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Potential breakthrough treatment for opioid addiction to be tested at MUSC

May 31, 2019
Opioid overdoses kill more than 130 people a day in the U.S.

Researchers at the Medical University of South Carolina will soon test whether cannabidiol, also known as CBD, can fight cravings in people addicted to opioids — and keep them from using again.

Kathleen Brady, Distinguished University Professor in the Department of Psychiatry and Behavioral Sciences, vice president for research at MUSC and the 2019 winner of the Governor’s Award for Excellence in Science, will serve as one of the principal investigators. “It really is a potential breakthrough. It’s a whole new approach to the treatment,” she said.

MUSC will be one of three sites in the study and the lead clinical site. The National Institutes of Health is funding the research. Brady said the study will probably begin next year. There will be about 300 participants, including 100 at MUSC.

The research will build on the findings of a study recently published in the American Journal of Psychiatry. It found CBD reduced cravings and anxiety in people addicted to heroin, which is an illegal opioid. Brady is the substance abuse editor for that journal.

The MUSC research will look not only at heroin but also at legal opioids such as oxycontin and fentanyl. Like the previous study, it will test whether CBD helps reduce cravings in a lab setting. But unlike the earlier research, the MUSC project will also test whether CBD can help outside of the lab. “We’re going to treat people with it and have them as outpatients and see if it can prevent their opioid use,” Brady said.

CBD is a non-addictive part of the marijuana plant. “It has no abuse potential,” Brady said. “I think the therapeutic possibilities are really exciting.”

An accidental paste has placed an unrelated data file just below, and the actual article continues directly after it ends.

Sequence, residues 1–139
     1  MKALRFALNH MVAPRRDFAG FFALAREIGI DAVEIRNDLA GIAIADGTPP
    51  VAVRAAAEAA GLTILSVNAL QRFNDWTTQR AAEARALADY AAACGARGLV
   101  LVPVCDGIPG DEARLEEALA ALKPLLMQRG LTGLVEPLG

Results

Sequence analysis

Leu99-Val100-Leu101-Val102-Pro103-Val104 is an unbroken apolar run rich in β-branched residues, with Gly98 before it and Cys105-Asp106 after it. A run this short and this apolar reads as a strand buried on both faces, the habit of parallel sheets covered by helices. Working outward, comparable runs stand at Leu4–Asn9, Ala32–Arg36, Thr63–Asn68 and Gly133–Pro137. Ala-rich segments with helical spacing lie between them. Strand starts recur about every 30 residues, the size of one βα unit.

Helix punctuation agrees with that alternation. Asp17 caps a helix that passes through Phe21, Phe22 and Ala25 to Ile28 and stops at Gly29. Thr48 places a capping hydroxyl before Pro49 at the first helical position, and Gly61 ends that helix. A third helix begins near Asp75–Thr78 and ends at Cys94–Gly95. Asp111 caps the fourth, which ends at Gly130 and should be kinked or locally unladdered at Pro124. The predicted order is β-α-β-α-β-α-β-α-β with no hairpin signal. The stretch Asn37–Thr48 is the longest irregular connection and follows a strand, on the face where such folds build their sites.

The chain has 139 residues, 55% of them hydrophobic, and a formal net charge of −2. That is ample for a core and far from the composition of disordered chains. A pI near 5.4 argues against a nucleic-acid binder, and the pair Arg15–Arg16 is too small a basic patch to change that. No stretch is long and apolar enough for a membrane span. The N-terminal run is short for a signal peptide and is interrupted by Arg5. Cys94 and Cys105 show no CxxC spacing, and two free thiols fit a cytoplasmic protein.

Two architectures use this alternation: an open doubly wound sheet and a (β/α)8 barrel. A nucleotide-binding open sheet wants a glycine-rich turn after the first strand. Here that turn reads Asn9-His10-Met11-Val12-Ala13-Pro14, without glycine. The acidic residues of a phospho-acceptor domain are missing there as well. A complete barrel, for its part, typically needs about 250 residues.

Current medications to treat opioid addiction include buprenorphine, methadone and naltrexone. Buprenorphine and methadone affect opioid receptors in the body, suppressing cravings. Naltrexone blocks opioid receptors. Brady said they work for some people. “But it’s not 100%. So we need other avenues to pursue.”

The problem is huge. Opioid overdoses kill more than 130 people a day in the U.S.  People can become dependent on opioids in as few as three days, even when they’re prescribed by a doctor.

MUSC is involved in multiple efforts to help people addicted to opioids. In the MUSC Health Emergency Department, every patient is screened for opioid use disorder. People who have one are offered immediate treatment. MUSC Health also launched the state’s first chronic pain rehab program to help people find safe, effective alternatives to opioids for pain relief. Pregnant women who are addicted to opioids can get help through a special clinic at MUSC Women’s Health. And researchers are testing neurostimulation as a possible way to ease pain.

But there hasn’t been a silver bullet. So Brady and other addiction specialists are encouraged by CBD’s potential.

“We’re early investigators in this area,” she said. “We’re up there with Yale, Hopkins and UCLA in terms of our research on the treatment of addictions. If there’s a cutting-edge treatment being developed for addiction, you can be sure that MUSC is included at the front line.”

About the Author

Helen Adams

Keywords: Research